There is more to making the most of the holidays than having the products everybody wants. Shipping policies and procedures, timing, site design, payment options, sourcing and more all play roles in getting the most from the year-end opportunity. Of them all, timing may be the most vital. Experts and experienced sellers all sing the same tune: Start early.
"You have to start very, very early," stresses Hess. "Online, people tend to shop early, so we start about October 15." Why so soon? Hess explains that his listings generally run 10 days. "If we start October 15, those seemingly early auctions will end October 25, the following ones will end November 3 and so on," he says. "We'll have only six to eight cycles to take full advantage of the Christmas holiday [season]."
Others say October is late. "Theoretically, it starts on Thanksgiving, but there's a lot of planning that starts before then," says Joseph T. Sinclair, author of eBay Business the Smart Way. "If you don't plan, you're going to get caught short. You won't know whether to promote something because you won't know whether you're going to get it in stock. September should be the target [planning] date for the [holiday shopping] season, so everybody's ready to go in November."
Early is the time to line up a trusted source of supply, especially for items you think will be your best movers. "Make sure you have reliable suppliers who are going to deliver when they say they will," stresses Schepp. "What could be worse than trying to put your listings up on December 15 because the product you were promised by November didn't show up [on time]?"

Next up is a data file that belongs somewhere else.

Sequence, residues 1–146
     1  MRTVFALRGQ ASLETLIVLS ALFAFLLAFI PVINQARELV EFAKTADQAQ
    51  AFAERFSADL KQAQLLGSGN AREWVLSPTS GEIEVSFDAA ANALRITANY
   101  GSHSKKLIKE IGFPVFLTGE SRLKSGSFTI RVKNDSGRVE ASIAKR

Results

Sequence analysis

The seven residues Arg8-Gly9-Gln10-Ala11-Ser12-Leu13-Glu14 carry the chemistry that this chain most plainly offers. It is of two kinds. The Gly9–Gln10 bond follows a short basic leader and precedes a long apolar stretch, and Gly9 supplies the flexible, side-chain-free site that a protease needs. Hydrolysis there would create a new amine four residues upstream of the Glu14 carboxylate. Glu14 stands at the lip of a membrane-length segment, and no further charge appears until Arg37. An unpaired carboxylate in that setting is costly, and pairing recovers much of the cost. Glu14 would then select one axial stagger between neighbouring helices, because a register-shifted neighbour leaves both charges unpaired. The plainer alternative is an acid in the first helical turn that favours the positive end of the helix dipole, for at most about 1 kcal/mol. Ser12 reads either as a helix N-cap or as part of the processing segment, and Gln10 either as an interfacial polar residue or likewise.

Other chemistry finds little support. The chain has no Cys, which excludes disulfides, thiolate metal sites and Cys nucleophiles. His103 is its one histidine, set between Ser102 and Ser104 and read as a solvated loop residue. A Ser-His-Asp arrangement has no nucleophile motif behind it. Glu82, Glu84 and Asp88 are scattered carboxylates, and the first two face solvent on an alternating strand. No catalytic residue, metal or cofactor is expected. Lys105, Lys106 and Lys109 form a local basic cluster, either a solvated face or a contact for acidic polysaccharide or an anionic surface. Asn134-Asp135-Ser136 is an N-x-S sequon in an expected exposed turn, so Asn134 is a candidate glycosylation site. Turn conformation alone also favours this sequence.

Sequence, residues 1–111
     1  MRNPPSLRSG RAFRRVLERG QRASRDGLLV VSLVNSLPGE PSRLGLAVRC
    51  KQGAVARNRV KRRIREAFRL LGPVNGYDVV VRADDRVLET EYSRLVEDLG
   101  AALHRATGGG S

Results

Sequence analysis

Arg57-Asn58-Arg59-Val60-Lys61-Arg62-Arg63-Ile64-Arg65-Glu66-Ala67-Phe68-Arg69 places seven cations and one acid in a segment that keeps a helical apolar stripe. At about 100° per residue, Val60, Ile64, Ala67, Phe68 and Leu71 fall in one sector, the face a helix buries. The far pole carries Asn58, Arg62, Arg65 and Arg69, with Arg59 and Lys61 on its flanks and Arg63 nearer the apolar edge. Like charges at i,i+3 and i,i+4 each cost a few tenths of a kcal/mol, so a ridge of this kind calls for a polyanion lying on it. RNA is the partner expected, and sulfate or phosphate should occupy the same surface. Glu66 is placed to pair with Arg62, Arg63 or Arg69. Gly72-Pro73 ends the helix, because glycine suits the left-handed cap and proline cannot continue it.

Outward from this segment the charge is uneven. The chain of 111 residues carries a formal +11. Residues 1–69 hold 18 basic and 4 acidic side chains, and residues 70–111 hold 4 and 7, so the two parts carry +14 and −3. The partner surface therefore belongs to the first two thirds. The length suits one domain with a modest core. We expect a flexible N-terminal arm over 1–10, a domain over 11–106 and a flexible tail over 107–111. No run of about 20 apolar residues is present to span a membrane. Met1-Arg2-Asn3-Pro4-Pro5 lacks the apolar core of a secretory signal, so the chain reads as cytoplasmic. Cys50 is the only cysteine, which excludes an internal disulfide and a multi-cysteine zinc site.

Another key early task is staffing. "This is not a time to scrimp," says Schepp. "You might have to hire people to get your shipments out, and those are things you don't want to be putting in place the first week of December. You want to make sure you have everything ready to go."
You may also want to change your look and feel. "Have your webmaster dress up your pages with a Christmas theme instead of using your normal template for your [item listings]," suggests Sinclair. One specific suggestion is to take advantage of the eBay gift icon. The wrapped-gift logo tells shoppers you can help them check an item off their to-do list by gift-wrapping their purchases and mailing them directly to gift recipients.
Offering gift-wrapping and delivery to a gift recipient can be a powerful word-of-mouth tool for expanding your marketing, says Barbara Weltman, a small-business consultant and author of The Complete Idiot's Guide to Starting an eBay Business. When the wrapped gifts arrive, recipients will be exposed to your business, Weltman says. "This is an opportunity to reach people who aren't your customers, and perhaps gain new customers."
You may want to offer free shipping on Buy It Now items, says Schepp. "If you offer it strictly for Buy It Now customers, you're giving them a little bonus, and you're also encouraging people who want to get their shopping done and don't want to wait five or six days for your [listing] to end."
Whether you decide to offer free shipping or not, make sure you ship sold items quickly, says Kitchener. "The main thing we do is ship fast, especially at Christmastime," he says. "You get all kinds of people with deadlines." Dangerous Threads ships via the U.S. Postal Service and FedEx Ground, and usually ships items within 24 to 48 hours, which gives most shoppers enough cushion to make sure their items arrive in time for the holidays.